Creating the index was refreshingly sane. I simply went into the points of interset in the text and dropped \index{key} tags and I was done. Once I did that, text can be added or removed and pages can shift, but we have no additional work to do as it’s all recalculated for you. All pages with the same key get pointed to in the index under the same entry. Sequential page ranges get smartly hyphenated. Footnotes were just as easy. For this book, footnotes were not used, but instead, endnotes. I googled for endnotes and found that there was a package for it already. Once again, I did not even have to download it, as it was already included in my LaTeX package. I wanted the endnote numerbers to reset every chapter, as it is in the Word version, and there’s a package for that too.

\usepackage{endnotes,chngcntr}
\counterwithin*{endnote}{chapter}  % Reset endnote numbering every new chapter

This is a brief overview of some of the tags that I used that I hope highlight how easy this was to do. Then I generated the document directly to PDF. Without even thinking about styling yet, the document that was produced was a typograhically stunning work. With a couple of easy tweaks, I purposely made it look closer to the Word document for comparison purposes, to highlight the superiority of the type produced by LaTeX. Unfortunately I can’t produce the “final” proof of concept here, as it is an entire book and I don’t hold rights to it. It would not be entirely fair for me to omit that there is a learning curve with LaTeX, of course. However, I hope that this helps anyone just starting or curious about learning LaTeX.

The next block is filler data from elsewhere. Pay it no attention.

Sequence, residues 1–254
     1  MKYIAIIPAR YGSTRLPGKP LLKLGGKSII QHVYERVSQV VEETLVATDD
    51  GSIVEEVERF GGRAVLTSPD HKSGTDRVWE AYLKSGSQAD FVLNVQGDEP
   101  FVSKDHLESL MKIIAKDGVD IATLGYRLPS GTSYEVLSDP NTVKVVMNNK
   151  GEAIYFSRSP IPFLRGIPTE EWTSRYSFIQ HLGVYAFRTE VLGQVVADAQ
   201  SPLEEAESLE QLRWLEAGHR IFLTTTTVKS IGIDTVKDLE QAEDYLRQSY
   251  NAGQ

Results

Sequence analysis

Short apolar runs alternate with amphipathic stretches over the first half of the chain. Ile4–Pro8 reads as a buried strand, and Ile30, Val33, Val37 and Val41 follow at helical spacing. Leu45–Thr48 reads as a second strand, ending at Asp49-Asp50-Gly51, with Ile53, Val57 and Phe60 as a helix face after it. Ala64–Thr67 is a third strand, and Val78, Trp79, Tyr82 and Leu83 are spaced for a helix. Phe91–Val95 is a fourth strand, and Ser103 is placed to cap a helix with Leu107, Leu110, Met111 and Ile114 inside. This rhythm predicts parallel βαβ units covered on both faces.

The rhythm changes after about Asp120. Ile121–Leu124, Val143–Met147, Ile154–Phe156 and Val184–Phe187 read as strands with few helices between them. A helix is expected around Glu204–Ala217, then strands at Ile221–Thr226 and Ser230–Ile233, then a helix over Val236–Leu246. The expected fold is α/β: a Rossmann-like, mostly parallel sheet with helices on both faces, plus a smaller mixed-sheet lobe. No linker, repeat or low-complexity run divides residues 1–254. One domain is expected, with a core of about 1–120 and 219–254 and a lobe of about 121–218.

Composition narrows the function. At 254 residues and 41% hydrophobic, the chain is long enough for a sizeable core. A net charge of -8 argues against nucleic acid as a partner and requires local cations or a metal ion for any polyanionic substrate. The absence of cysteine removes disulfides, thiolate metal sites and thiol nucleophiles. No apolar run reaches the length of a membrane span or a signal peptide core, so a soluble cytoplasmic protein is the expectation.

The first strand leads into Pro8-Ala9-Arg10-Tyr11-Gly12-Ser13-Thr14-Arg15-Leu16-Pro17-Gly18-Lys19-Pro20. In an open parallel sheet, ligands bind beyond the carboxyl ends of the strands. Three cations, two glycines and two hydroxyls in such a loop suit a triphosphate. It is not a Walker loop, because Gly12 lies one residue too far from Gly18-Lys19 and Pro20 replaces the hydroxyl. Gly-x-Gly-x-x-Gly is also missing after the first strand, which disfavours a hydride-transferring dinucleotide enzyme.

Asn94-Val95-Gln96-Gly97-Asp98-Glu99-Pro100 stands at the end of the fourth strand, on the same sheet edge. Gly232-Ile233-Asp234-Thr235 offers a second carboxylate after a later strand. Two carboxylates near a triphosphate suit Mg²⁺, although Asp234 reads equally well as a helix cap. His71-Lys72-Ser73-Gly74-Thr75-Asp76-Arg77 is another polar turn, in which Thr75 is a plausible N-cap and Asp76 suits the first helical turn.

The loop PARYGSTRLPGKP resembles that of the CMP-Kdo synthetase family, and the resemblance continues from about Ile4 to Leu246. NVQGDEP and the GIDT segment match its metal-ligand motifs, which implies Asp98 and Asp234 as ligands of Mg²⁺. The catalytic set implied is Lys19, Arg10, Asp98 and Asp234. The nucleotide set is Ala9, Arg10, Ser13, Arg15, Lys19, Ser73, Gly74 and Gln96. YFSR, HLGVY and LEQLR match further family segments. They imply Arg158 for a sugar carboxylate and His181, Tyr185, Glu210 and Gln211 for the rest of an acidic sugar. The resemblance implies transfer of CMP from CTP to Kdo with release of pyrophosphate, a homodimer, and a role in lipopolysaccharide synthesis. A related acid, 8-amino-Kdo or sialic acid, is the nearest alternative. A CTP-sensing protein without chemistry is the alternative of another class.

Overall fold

First try at Data Munging

I’ve been taking Udacity course Exploratory Data Analysis and decided that I wanted to try my hand at a real data set that I cared about. I ran into several obstacles that are probably common and I hope that this will help someone else.

The data I cared about was in SQL Server so first I got the data out:

bcp "select .. from .. where .." queryout data.dat -c -t"||||" -S server -U user -P pass